felony murder

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felony murder

n.
The commission of a homicide during the course of a felony, where there is no intent to commit murder but the homicide is associated in some way with the felony.

fel′ony mur′der


n.
a killing treated as a murder because, though unintended, it occurred during the commission of a felony, as robbery.
References in periodicals archive ?
Similarly, the substituted culpability rationale seems insufficient to justify the felony murder doctrine by itself.
584, 598 (1977) (plurality opinion); see JEREMY BENTHAM, AN INTRODUCTION TO THE PRINCIPLES OF MORALS AND LEGISLATION 321-25 (1907) (discussing harm and culpability as the components of desert); David Crump & Susan Waite Crump, In Defense of the Felony Murder Doctrine, 8 HARV.
1965) (in bank) (explaining the felony murder doctrine is unnecessary where the defendant acted with a "base, antisocial motive and with wanton disregard for human life" (quoting People v.
justifications of the felony murder doctrine. The first section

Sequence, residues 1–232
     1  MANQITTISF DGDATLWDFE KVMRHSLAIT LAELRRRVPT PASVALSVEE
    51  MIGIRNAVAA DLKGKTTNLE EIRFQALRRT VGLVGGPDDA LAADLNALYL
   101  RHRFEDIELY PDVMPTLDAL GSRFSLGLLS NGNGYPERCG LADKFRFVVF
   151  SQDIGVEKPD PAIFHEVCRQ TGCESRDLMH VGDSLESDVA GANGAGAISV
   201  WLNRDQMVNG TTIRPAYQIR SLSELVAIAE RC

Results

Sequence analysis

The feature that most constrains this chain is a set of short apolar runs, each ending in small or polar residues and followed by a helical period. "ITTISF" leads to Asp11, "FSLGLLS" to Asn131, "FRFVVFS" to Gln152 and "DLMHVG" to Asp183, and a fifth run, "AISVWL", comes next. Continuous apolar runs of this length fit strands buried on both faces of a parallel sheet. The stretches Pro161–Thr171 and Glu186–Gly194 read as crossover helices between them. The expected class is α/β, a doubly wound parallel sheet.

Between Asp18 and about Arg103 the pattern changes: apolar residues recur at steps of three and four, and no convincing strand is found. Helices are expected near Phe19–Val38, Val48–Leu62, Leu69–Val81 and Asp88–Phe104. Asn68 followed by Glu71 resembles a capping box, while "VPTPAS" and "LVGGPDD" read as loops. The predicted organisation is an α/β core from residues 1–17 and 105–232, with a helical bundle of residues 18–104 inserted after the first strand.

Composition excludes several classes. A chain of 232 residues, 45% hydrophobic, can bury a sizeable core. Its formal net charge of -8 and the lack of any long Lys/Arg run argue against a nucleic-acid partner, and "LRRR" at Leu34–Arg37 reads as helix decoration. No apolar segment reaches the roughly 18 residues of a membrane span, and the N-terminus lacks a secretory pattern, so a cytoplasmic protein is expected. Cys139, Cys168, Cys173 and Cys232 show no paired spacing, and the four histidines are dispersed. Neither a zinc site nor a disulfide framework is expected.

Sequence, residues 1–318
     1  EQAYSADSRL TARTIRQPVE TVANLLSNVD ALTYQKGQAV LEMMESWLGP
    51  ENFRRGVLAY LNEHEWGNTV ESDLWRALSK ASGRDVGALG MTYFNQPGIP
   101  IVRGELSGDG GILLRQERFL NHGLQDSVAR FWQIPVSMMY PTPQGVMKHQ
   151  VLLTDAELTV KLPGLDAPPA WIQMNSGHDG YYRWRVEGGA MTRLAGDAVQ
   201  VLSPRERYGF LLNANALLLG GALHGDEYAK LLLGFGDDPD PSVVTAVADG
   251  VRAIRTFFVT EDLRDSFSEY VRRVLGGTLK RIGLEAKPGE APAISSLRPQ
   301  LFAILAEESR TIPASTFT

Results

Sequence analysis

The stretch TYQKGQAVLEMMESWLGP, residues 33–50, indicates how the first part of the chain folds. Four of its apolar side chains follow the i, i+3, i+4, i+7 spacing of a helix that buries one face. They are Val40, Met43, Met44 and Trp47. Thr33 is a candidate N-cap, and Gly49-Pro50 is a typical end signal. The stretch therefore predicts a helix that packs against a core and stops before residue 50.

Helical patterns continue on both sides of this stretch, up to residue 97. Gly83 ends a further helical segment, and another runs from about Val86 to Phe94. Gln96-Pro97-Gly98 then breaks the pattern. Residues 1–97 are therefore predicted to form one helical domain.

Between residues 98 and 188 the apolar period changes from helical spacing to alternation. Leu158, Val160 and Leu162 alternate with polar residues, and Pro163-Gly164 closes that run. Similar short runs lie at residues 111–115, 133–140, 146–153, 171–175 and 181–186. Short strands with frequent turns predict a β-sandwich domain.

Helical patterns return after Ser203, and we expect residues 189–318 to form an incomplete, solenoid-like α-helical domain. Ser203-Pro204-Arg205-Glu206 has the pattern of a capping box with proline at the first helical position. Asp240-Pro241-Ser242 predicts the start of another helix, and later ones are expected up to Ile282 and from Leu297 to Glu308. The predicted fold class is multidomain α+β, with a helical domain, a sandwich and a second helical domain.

felony murder doctrine as all felonies traditionally meant capital
The Supreme Court previously considered the felony murder doctrine
The fact is that the California Penal Code does not contain the term "felony murder," much less "second degree felony murder." The only reference to the felony murder doctrine is Section 189's specification that only murder committed in the perpetration or attempted perpetration of enumerated felonies is murder of the first degree.
Since implied malice is concerned with the conscious creation of homicidal risks, how did the Court conclude that the term includes the second degree felony murder doctrine? By relying on a cryptic note by the commissioners who drafted the 1872 penal code and an early case of dubious authority.
(57) Roth & Sundby, supra note 43, at 457-58; see also David Crump & Susan Waite Crump, In Defense of the Felony Murder Doctrine, 8 HARV.
The felony murder doctrine has long been a target for detractors.
good and bad versions of the felony murder doctrine.
(74) See DRESSLER, supra note 65, [section] 31.06[B] [3], at 517-18 (explaining that proponents justify the rule as "[r]eaffirming the sanctity of human life"); David Crump & Susan Waite Crump, In Defense of the Felony Murder Doctrine, 8 HARV.